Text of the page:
On the downside, if I were writing my own life script, I'd have timed this rewrite for the fall. After the boys have gone back to school. It is amazingly difficult to write an intense scene involving death, depression, or psychotic breakdown - and then hop up in the middle to fix some mac 'n cheese, or push a swing. It feels like an exercise in multiple personality disorder. In a memorable moment yesterday, my character was going through the aforementioned psychotic break, brought about by the horrible death of her family - and in between sentences, I was speaking in the voices of dead fish in boxes for my younger son, who was playing a Scooby-Doo game. Horrible grief and loss - dead fish voices - severe attack of agoraphobia - dead fish voices - continue on for an hour.

I mentioned this difficulty to S - not because he can really help right now. The plant he works for is in shutdown, which for him (as opposed to everybody else), means he's working 16+ hour days, and we practically never see him. - but because I was hoping for a smidgen of sympathy. He looked at me like I'd grown another head, and said "Really love, learn to compartmentalize." Because trying to get into somebodies head while they're having a breakdown, and write accurately about it while voicing cartoon charactes, is exactly like working on a spread sheet, and having somebody call you up about a broken valve. Grrr.

Sunday, July 02, 2006

Finally Getting Somewhere

I've been having the same blasted dream for a couple of weeks, and it was driving me crazy. In essence, I would be stranded somewhere with two big strong guys, whom I trusted. I would be beat up in some way that prevented me from walking effectively (broken hip, smashed knee, you get the idea). It would be a matter of life and death to get out of where we were - and for the final kicker - I would be, for some unknown reason, unable or unwilling to tell these big strong gents that I couldn't bloody walk. The dreams largely consisted of dragging myself along with the aid of a staff, or walls, or whatever else happened to be about, while my companions were preoccupied with finding our way out - assuming that I was in pain, but capable of limping along.

Pretty nonsensical, but that's a dream for you. The point wasn't hard to figure out though. I just needed to realize which aspect of my life was stuck, where I had the necessary help, and yet couldn't or wasn't using it.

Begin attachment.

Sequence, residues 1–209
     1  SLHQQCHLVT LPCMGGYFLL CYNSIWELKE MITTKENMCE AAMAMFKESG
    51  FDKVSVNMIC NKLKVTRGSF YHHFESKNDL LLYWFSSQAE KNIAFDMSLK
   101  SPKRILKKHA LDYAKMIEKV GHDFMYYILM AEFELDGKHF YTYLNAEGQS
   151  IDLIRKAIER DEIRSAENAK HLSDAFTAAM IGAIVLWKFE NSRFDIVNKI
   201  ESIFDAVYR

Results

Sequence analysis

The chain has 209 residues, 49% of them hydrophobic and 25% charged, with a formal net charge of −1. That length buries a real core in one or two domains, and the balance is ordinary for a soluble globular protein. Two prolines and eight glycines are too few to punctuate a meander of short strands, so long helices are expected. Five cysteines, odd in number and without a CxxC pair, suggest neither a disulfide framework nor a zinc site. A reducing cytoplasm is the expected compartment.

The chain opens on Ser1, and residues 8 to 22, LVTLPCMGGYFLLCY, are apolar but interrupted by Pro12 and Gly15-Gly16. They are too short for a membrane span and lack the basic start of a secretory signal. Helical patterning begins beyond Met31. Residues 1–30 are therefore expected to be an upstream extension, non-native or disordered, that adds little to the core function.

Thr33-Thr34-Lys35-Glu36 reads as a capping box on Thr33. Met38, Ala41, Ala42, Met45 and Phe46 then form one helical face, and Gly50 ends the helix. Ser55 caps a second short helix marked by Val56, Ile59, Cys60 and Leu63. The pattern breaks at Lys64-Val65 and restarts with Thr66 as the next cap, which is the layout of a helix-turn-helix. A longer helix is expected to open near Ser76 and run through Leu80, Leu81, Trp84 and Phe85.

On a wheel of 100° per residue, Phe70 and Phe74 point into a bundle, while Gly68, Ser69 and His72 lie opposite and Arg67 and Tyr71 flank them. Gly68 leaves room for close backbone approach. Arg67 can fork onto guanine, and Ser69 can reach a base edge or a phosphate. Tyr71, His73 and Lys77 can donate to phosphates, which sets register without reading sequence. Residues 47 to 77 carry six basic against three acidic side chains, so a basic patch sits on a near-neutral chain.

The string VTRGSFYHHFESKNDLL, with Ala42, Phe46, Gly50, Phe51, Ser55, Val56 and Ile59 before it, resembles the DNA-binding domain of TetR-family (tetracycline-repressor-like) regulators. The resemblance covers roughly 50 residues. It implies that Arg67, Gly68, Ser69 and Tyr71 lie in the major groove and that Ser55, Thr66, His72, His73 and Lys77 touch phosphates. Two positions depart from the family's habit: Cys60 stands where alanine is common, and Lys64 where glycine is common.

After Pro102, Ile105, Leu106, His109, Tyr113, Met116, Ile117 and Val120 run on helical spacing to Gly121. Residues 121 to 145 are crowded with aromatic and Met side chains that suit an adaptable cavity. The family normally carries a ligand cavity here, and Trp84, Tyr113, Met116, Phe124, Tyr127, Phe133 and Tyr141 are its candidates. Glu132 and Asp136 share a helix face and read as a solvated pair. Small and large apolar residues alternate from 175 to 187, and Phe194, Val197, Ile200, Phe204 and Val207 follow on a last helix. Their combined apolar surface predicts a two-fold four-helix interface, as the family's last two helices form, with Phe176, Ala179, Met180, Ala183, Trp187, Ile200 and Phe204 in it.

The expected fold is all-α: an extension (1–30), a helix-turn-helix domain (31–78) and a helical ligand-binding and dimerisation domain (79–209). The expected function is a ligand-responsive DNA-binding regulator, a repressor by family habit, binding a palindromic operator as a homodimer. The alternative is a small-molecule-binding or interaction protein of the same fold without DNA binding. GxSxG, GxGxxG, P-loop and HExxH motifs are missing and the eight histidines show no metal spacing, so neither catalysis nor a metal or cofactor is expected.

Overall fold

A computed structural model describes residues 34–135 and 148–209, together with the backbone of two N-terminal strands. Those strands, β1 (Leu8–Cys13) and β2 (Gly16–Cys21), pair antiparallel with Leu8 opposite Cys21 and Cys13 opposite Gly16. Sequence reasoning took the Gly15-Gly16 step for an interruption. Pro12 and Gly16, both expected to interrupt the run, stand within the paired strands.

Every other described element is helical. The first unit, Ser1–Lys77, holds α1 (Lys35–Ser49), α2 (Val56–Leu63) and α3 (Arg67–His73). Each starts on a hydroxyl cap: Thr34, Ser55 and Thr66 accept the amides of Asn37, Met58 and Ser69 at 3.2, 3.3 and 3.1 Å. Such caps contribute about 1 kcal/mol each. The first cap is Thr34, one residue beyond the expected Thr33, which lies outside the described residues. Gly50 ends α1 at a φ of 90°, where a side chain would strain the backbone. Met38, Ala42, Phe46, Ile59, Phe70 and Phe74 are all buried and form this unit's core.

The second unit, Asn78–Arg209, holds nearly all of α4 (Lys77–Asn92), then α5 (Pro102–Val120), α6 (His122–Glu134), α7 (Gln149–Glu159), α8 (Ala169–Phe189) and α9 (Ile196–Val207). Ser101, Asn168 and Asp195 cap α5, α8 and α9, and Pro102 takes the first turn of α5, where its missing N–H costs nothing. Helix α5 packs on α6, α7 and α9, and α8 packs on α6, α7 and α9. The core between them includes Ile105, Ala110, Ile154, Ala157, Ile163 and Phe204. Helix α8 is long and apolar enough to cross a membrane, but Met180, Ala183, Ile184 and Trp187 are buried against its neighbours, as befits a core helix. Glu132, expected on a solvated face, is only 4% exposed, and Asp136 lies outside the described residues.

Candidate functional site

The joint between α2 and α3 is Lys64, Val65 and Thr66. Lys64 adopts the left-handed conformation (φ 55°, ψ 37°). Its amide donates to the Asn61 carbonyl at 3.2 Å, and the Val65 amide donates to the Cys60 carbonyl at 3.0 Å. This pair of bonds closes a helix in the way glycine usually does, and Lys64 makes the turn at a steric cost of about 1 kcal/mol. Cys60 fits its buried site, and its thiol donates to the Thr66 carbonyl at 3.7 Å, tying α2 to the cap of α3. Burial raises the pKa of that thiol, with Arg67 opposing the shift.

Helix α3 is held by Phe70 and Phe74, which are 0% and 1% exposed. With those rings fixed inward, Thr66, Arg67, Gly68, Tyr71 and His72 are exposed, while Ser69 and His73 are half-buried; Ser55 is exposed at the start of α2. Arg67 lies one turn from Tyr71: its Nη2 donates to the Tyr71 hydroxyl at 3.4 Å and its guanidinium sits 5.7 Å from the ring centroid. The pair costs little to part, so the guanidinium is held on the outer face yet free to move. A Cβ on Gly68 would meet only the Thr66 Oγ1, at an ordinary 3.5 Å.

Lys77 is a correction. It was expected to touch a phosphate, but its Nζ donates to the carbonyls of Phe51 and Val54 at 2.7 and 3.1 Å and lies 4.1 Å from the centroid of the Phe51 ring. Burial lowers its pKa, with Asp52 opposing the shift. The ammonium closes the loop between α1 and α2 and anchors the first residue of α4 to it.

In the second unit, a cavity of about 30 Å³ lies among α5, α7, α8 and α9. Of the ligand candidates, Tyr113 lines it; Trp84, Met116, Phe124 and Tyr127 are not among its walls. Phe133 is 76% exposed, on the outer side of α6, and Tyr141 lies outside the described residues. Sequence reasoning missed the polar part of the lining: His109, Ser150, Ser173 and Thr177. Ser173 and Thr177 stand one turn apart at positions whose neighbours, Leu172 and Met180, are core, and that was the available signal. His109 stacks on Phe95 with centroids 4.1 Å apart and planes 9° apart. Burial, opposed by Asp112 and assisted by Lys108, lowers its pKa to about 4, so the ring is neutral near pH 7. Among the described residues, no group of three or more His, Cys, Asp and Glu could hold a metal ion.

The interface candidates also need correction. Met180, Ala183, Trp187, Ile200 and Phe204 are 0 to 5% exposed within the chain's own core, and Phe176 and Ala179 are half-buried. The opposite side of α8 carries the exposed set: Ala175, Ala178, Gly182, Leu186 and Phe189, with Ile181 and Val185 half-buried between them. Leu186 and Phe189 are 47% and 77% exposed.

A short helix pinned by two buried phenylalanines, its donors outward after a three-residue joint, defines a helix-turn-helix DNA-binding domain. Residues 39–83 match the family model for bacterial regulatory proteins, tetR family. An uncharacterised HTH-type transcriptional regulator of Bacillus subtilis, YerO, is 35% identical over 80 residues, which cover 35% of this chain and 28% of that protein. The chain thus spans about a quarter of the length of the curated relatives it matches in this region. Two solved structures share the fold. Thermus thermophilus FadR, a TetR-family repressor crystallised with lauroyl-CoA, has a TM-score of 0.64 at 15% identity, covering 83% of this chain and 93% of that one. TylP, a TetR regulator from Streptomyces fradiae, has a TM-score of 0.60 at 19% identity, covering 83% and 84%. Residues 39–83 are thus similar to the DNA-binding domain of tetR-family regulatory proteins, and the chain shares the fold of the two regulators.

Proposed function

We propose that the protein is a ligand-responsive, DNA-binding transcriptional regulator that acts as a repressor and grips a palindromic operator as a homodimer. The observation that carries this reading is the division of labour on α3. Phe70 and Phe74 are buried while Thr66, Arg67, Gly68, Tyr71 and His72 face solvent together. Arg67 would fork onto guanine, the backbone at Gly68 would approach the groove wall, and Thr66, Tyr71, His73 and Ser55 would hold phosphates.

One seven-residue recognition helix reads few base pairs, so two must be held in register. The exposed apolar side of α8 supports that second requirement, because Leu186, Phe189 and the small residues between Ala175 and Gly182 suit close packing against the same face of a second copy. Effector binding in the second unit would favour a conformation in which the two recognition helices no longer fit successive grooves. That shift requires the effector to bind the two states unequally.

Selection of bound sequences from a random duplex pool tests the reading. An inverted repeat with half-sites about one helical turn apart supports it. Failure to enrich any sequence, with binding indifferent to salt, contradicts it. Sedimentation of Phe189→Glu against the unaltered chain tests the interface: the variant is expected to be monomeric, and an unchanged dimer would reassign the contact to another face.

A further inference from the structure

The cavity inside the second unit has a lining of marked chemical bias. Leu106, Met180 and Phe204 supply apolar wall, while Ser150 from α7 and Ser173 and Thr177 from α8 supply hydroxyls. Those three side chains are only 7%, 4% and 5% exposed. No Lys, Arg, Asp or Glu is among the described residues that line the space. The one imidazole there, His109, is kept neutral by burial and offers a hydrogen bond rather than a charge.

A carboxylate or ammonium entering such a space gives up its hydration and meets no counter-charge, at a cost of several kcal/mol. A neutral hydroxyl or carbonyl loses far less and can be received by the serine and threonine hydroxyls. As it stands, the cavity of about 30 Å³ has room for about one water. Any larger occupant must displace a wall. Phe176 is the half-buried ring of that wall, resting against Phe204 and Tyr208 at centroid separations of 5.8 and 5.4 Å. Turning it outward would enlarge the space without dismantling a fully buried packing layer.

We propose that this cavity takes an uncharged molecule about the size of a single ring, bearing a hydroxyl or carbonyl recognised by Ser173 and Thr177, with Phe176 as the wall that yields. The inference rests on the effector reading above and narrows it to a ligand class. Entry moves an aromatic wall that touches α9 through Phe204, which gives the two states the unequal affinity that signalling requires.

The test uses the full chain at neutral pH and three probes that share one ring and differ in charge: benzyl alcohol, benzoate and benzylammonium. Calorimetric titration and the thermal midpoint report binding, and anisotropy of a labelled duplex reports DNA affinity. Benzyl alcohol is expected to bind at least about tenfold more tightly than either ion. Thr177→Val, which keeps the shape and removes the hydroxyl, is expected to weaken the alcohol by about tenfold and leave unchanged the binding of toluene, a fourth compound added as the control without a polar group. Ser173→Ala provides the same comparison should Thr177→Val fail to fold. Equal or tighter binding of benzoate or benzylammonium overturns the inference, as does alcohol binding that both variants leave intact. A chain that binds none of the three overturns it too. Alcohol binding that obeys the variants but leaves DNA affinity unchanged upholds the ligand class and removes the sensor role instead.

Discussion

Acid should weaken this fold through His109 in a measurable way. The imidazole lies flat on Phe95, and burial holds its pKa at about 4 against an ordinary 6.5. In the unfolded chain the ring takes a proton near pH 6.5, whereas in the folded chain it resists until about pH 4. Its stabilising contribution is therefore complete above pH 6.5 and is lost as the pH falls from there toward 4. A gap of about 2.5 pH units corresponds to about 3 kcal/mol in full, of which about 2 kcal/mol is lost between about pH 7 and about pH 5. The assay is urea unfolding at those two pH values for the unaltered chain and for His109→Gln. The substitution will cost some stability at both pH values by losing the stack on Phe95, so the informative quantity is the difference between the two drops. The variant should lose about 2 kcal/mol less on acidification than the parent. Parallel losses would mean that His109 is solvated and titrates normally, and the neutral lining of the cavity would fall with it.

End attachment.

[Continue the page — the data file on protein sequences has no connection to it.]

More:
I finally pulled GD - my first novel out of the closet, and have started the rewrite. Interestingly, the dreams stopped (at least I haven't had one in three nights now) almost immediately thereafter. My various first-line readers seem to have given me a ton of advice, some conflicting, but much of it helpful. I also find it telling that the most common person to appear in my dream as a companion was Sensei - who was also one of my first-line readers. None of my other readers showed up, that would have been too easy to figure out I guess - or perhaps it's just that none of the rest of them are strong enough to pick me up.

The rewrite is going well. I've only actually rewritten a few paragraphs so far. First I'm reading through myself, and trying to proof, look for cliched or poorly worded stuff, and trying to condense commentary from five readers onto one copy, so I can work on the computer with only one stack of paper beside me. After all at 273 pages, five copise would be a pretty intimidating stack of paper.

My big issues thus far 1) a tendancy to revert to default positions if I haven't thought out my world well. I.e. when Kira takes a test, it looks very much like a modern day college exam at a high-tech school, rather than something you would see 500 years in the future. Places where the plot intercedes avoid this, but it happens a lot in small things. 2) A tendancy to short-hand cliches. When I'm writing fast, I tend to use the common phrase rather than hunt for the perfect one. Perfectly allowable in a rough draft - killer if left in. 3) Gaps in the plot, where I skipped ahead because I got stuck. This one is a function of NaNo. When trying to write a novel in a month, you simply don't have time to stop and work out all details. If you know A, and you know C, but you don't know B, you just skip ahead (at least I do), and if B occurs to you later, than you go back and fill in. Many of my gaps did get filled in while I was still in NaNo mode, but many didn't. I need to figure out which need to be written in, and which can be handled with a quickie bridge (...three months later...)

Last, but far from least, I need to backfill my ending. Since I only actually decided on my ending in the last few chapters, it doesn't always lead logically from the earlier stuff. Since I like my ending, I need to go back and rewrite said earlier stuff so it all hangs together well. No more having the big baddie walk in from nowhere three chapters from the end.

I'm working away hard on this now. If I can, I'd like to have this version done by the 17th when my brother comes to visit. Failing that, I'd like to manage the 25th, which is when the family reunion starts. I have at least two prospective second-line readers in my family (trust me, my family doesn't gush over tripe. They're tough.) that I would like to be able to give copies to at the reunion. If I can finish by the 17th, then my brother can give me a once over so I can correct any doozies before then - he was one of my first-line readers.

After the second-line readers report back, then I start the hard part - putting together a presentation package, and convincing myself to send this puppy out into the cold cruel world.